A financial asset is subsequently measured at amortised cost if it is held within a business model whose objective is to hold the asset in order to collect contractual cash flows and the contractual terms of the financial asset give rise on specified dates to cash flows that are solely payments of principal and interest on the principal amount outstanding. These assets are subsequently measured at amortised cost using the effective interest method. The amortised cost is reduced by impairment losses. Interest income, foreign exchange gains and losses and impairment are recognised in profit or loss. Any gain or loss on derecognition is recognised in profit or loss. A financial asset is subsequently measured at FVOCI if it is held within a business model whose objective is achieved by both collecting contractual cash flows and selling financial assets and the contractual terms of the financial asset give rise on specified dates to cash flows that are solely payments of principal and interest on the principal amount outstanding. These assets are subsequently measured at fair value. Interest income under the effective interest method, foreign exchange gains and losses and impairment are recognised in profit or loss. Other net gains and losses are recognised in OCI. On derecognition, gains and losses accumulated in OCI are reclassified to profit or loss.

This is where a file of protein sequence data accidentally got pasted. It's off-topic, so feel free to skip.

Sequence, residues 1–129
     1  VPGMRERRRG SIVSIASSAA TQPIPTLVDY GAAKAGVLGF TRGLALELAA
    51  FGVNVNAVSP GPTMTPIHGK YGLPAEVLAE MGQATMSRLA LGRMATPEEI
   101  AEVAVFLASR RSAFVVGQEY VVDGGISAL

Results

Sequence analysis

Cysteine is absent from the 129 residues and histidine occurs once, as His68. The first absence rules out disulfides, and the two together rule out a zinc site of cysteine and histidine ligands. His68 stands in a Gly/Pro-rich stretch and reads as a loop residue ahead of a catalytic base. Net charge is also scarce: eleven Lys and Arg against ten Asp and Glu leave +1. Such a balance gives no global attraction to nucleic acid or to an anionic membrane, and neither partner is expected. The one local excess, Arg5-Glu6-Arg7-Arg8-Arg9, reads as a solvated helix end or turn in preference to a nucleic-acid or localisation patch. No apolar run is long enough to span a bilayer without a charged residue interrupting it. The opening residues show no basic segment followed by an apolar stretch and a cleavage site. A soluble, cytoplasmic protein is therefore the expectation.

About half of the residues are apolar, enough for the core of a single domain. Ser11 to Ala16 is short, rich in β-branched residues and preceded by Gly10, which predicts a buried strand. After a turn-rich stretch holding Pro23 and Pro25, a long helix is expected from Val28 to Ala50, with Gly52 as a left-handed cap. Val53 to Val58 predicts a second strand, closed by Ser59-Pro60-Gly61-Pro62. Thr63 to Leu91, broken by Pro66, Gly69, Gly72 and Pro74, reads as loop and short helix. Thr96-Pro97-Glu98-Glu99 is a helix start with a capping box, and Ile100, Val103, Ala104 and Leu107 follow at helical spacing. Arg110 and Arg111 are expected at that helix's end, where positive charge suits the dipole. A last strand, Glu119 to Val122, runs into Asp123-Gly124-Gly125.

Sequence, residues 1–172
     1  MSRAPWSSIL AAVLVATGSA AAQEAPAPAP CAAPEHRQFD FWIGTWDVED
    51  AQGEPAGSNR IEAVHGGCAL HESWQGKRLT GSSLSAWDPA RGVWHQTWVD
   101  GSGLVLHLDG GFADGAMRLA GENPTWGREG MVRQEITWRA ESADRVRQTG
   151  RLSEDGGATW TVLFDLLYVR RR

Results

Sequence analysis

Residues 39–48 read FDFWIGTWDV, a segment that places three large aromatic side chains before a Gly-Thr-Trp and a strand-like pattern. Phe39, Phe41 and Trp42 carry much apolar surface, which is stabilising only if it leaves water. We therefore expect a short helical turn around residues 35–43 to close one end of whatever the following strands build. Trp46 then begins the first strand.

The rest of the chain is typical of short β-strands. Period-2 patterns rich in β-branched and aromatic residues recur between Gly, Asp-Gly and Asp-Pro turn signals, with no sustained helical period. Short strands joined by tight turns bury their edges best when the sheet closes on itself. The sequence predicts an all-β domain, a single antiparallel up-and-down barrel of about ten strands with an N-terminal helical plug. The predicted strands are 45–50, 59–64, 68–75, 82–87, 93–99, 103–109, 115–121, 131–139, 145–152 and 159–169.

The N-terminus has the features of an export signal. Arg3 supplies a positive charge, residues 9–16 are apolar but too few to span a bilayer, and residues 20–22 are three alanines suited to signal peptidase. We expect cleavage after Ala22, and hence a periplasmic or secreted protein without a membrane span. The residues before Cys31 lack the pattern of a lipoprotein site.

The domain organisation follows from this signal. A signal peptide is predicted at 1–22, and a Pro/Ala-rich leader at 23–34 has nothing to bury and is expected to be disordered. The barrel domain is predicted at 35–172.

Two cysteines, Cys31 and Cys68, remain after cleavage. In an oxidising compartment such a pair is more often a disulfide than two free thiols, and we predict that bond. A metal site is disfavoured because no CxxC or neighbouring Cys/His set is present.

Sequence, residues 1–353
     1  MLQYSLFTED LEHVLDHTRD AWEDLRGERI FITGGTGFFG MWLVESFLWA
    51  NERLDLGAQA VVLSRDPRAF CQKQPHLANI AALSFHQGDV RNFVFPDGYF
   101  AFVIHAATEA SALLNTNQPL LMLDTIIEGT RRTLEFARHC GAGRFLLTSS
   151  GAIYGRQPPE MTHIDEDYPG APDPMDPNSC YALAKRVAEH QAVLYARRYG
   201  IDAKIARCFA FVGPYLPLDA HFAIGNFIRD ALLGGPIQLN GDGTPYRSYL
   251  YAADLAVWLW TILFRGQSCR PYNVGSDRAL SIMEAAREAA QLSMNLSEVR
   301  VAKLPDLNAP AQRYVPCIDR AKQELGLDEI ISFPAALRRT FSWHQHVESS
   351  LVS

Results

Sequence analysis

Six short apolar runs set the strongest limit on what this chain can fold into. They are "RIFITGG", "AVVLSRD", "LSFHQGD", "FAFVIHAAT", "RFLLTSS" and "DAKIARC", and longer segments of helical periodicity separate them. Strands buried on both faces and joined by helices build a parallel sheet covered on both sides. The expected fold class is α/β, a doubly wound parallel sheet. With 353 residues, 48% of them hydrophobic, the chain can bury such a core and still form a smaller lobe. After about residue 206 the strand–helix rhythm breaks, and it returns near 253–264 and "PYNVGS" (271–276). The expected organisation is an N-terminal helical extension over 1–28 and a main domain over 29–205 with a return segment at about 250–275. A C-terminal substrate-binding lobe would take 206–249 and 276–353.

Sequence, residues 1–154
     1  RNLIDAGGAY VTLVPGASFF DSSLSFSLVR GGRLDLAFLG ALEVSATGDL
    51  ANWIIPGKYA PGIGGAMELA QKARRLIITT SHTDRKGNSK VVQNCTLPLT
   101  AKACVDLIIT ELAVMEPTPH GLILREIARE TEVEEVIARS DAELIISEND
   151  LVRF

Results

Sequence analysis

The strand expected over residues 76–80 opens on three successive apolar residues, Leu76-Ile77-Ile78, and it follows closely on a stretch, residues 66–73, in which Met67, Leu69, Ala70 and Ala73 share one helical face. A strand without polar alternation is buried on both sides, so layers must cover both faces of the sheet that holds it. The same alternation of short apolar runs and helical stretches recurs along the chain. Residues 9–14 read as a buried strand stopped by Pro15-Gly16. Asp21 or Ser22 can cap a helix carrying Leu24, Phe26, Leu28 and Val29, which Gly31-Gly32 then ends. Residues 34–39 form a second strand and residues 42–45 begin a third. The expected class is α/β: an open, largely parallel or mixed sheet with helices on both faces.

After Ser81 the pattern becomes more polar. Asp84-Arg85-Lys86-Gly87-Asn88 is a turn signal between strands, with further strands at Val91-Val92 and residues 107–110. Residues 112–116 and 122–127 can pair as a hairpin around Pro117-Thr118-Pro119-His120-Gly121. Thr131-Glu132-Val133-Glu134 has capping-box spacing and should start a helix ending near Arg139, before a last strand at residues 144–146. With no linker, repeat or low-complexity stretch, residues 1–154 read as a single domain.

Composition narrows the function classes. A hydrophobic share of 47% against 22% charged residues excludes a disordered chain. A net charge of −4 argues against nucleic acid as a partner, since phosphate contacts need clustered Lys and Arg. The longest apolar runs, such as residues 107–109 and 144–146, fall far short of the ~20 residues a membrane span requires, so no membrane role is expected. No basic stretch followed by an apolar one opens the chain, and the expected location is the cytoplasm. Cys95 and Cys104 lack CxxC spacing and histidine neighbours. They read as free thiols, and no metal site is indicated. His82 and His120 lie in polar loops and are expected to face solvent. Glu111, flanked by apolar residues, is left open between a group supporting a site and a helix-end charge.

Further, in cases where the Company has made an irrevocable election based on its business model, for its investments which are classified as equity instruments, the subsequent changes in fair value are recognized in other comprehensive income. Other net gains and losses are recognised in OCI and are not reclassified to profit or loss.

All financial assets not classified as measured at amortised cost or FVOCI are measured at FVTPL. This includes all derivative financial assets. These assets are subsequently measured at fair value. Net gains and losses, including any interest or dividend income, are recognised in profit or loss.

b. Financial liabilities: Classification, subsequent measurement and gains and losses: Financial liabilities are classified as measured at amortised cost or FVTPL. A financial liability is classified at FVTPL if it is classified as held for trading, or it is a derivative or it is designated as such on initial recognition. Financial liabilities at FVTPL are measured at fair value and net gains and losses, including any interest expense, are recognised in profit or loss. Other financial liabilities are subsequently measured at amortised cost using the effective interest method. Interest expense and foreign exchange gains and losses are recognised in profit or loss. Any gain or loss on derecognition is also recognised in profit or loss.